Poor years will come good!

Besides clearly being a pleasurable experience, tasting old wines also gives us a chance to put notions of good and bad years into perspective. Riesling in particular is never short of pleasant surprises!

Anything to do with the good old days is often associated with nostalgia. There’s always an element of this when opening an old bottle of wine. However, it’s combined with real excitement, as this particular brand of time travel is always a thrilling experience! 

We’ve selected four wines for this issue – three Rieslings and a Pinot Noir. The youngest was harvested in 2014 (Wintrange Felsberg Riesling by Henri Ruppert) and the other three wines were produced before 2010 (the 2008 Remich Primerberg Privilège Riesling from Domaine L&R Kox, 2008 Ehnen Kelterberg Pinot Noir from the Kohll-Reuland estate, and 2009 Palmberg Riesling from Caves Berna).

Once again, the main takeaway from this tasting is that wines produced from the finest terroirs have great ageing potential. None of the wines opened for this section of the magazine have ever shown any defects. On the contrary, age adds a new dimension to the wine. For example, Rieslings’ expression of their terroirs’ minerality gets even better with age. The three wines produced from this grape variety showed great finesse, purity and depth. Each one was a delight in its own unique way! As for the Pinot Noir, the wine’s breadth and the finesse of its tannins were remarkable.

It was also very interesting to note that the relevance of perceptions regarding good or poor years is ultimately relative. For instance, 2008 bore all the hallmarks of an awful year and 2014 was not much better due to variable weather. However, a wet summer is not prohibitive for grape varieties that ripen late. And ultimately, Riesling wines can benefit significantly from just-ripe grapes with moderate sugar levels. Although sure to be somewhat sharp in their early years, with time, they can develop outstanding finesse. With no help from the weather, the results are all down to the winemakers’ efforts, so hats off to them!

Domaine Laurent et Rita Kox (Remich), 2008 Remich Primerberg Privilège Riesling.

Laurent and Corinne Kox: “We harvested this Riesling late in the year on 22 October. Although it rained heavily in August, the weather fortunately improved in September. We put whole grapes into the press along with their stalks to increase the tannins and reduce the acidity, which was fairly high in these grapes. Their sugar levels were 82 degrees Oechsle. These concentrations have consistently been higher ever since due to climate change. I remember this acidity initially jarring a little, but it has completely changed now. While there is still some acidity, it is positive as we have managed to control it. The nose is mineral with a hint of petrol. It is broad in the mouth, pleasantly enhanced by this acid structure. Some of the fruit has disappeared, leaving the terroir’s full minerality. It’s only by tasting vintages like this one that you realise that “less ripe years” are not necessarily a bad thing for Riesling. We have kept some stock, which is now on sale (€12.75 per bottle). We have since offered it to our customers on a few occasions in blind tasting sessions. Because it seems much younger, they never believe us when we tell them it’s a 2008 vintage – we have to show them the bottle!”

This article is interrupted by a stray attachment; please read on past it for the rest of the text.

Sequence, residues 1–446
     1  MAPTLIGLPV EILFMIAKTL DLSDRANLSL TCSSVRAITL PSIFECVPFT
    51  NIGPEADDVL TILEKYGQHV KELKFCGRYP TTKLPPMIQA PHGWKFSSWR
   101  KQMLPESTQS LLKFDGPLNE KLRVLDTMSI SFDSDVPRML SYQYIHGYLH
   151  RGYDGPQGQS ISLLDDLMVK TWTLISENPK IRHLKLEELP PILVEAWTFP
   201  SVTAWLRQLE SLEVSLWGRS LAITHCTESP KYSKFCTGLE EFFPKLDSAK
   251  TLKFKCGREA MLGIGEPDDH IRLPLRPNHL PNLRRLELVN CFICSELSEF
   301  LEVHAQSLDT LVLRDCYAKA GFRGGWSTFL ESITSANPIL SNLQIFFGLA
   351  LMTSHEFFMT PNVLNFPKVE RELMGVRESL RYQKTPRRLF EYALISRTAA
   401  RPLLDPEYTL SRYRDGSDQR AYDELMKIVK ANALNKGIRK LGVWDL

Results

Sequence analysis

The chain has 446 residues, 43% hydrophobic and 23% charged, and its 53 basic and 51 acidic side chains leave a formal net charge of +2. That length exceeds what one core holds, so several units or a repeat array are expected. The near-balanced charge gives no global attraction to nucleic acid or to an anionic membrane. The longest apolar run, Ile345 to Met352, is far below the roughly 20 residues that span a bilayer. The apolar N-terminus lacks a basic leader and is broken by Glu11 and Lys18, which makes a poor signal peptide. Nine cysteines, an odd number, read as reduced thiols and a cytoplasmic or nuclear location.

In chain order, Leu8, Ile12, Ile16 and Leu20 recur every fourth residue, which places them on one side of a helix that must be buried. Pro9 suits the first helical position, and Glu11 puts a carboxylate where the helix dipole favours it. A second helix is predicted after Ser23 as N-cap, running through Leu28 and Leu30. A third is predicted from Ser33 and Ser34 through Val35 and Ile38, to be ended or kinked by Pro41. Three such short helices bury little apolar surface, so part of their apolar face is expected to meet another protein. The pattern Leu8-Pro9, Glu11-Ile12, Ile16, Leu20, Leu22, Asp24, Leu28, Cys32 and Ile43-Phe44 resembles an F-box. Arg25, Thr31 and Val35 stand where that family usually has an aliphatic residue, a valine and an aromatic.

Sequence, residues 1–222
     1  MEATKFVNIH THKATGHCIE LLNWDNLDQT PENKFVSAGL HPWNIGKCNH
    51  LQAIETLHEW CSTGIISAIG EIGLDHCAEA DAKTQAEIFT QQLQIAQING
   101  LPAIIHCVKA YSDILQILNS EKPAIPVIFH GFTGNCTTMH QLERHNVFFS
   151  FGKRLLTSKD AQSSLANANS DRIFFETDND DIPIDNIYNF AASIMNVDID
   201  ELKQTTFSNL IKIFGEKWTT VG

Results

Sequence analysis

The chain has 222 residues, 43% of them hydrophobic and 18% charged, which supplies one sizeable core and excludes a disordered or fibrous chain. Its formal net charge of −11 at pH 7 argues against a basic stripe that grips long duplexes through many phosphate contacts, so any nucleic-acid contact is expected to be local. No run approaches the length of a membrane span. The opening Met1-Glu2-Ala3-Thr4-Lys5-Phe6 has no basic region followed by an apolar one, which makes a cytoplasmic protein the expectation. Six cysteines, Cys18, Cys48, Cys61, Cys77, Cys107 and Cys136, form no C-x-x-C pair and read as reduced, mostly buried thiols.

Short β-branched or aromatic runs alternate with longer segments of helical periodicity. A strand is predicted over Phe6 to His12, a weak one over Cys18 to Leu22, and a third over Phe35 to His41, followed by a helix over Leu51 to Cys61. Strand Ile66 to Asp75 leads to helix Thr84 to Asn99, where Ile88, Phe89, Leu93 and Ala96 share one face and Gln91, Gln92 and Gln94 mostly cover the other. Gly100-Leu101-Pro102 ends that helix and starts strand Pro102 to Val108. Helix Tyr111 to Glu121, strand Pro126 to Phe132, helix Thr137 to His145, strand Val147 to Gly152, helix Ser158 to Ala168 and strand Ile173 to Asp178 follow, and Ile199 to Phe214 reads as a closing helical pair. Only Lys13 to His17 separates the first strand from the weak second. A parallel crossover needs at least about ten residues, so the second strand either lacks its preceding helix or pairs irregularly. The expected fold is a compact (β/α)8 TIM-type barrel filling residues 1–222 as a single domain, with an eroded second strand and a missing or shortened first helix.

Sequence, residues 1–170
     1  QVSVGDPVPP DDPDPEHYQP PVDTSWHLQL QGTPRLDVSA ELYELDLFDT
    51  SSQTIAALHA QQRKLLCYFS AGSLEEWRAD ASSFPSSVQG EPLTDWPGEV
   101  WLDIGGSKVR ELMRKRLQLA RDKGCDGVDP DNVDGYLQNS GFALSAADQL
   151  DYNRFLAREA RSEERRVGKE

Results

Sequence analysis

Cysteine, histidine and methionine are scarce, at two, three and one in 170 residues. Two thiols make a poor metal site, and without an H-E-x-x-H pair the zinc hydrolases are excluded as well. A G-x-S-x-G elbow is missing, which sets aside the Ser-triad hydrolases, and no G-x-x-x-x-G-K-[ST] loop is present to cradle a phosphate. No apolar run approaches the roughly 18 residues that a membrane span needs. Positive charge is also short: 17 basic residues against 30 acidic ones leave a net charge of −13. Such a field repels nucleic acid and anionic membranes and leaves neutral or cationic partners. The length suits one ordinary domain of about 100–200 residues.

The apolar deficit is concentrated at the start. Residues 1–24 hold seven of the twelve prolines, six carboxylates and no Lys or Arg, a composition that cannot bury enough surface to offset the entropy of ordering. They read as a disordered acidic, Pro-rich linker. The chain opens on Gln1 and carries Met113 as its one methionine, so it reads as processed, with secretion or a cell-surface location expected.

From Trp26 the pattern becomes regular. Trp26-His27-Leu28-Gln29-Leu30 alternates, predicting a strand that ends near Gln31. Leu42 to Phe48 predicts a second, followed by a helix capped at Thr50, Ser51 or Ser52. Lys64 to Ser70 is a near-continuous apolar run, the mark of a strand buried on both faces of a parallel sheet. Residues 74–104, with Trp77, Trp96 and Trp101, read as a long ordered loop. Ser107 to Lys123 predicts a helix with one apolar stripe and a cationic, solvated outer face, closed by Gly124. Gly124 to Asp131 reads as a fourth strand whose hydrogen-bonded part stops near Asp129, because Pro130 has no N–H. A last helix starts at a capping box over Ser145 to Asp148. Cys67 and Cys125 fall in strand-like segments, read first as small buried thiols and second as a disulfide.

Domaine Henri Ruppert (Schengen), 2014 Wintrange Felsberg Riesling

Henri Ruppert: “This year was actually fairly average. It wasn’t what you would call a great year in any case! However, since Riesling is a variety that ripens later than others, we carry out staggered harvesting. So, a generally average year can still turn out well. I wasn’t convinced at the time though. I didn’t like it – it was too conventional, even though Felsberg is a very fine terroir. With whole blocks of gypsum mixed in with the very heavy Keuper marl, it’s difficult to cultivate, but gives excellent results, with wines that offer fantastic ageing potential. This Riesling has clearly improved over time. Its nose is slightly petrol, but within acceptable limits. In the mouth, the sugar/acid balance is very good. The wine is very expressive and well-balanced … so I was wrong to write off so soon!”

Caves Berna (Ahn), 2009 Palmberg Riesling

Marc Berna: “It was a hot year and the Rieslings were very ripe, but there was absolutely no botrytis. I was in my last year at school for this vintage. I managed half the harvest and my father took care of the rest. At the time, we wondered whether we’d have problems with a lack of acidity due to the grapes being very ripe. However, I’m pleasantly surprised to see that there’s so much acidity left after 11 years! Its nose is fresh and not excessively petrol as is sometimes the case with old Rieslings. It is even finer in the mouth and has developed very positively. It is still very dynamic and very lively. In my view, it doesn’t show its age at all. You have to admit, this terroir is outstanding!”

Domaine Kohll-Reuland (Ehnen), 2008 Ehnen Kelterberg Pinot Noir

Frank Keyser: “Although it wasn’t a perfect year, we had a good harvest of Pinot Noir. To make this Ehnen Kelterberg, I separated the juice from different parcels and three different wines went into the barrel. It’s really good now in my view! It has a very fine nose of red fruit. It is pure in the mouth and delicate yet powerful. It’s one of the best Pinot Noirs I’ve made, although I suspected it would age quite well when I harvested it! While tidying my cellar during lockdown, I was pleasantly surprised to find a few bottles. I’m going to enjoy drinking them!”


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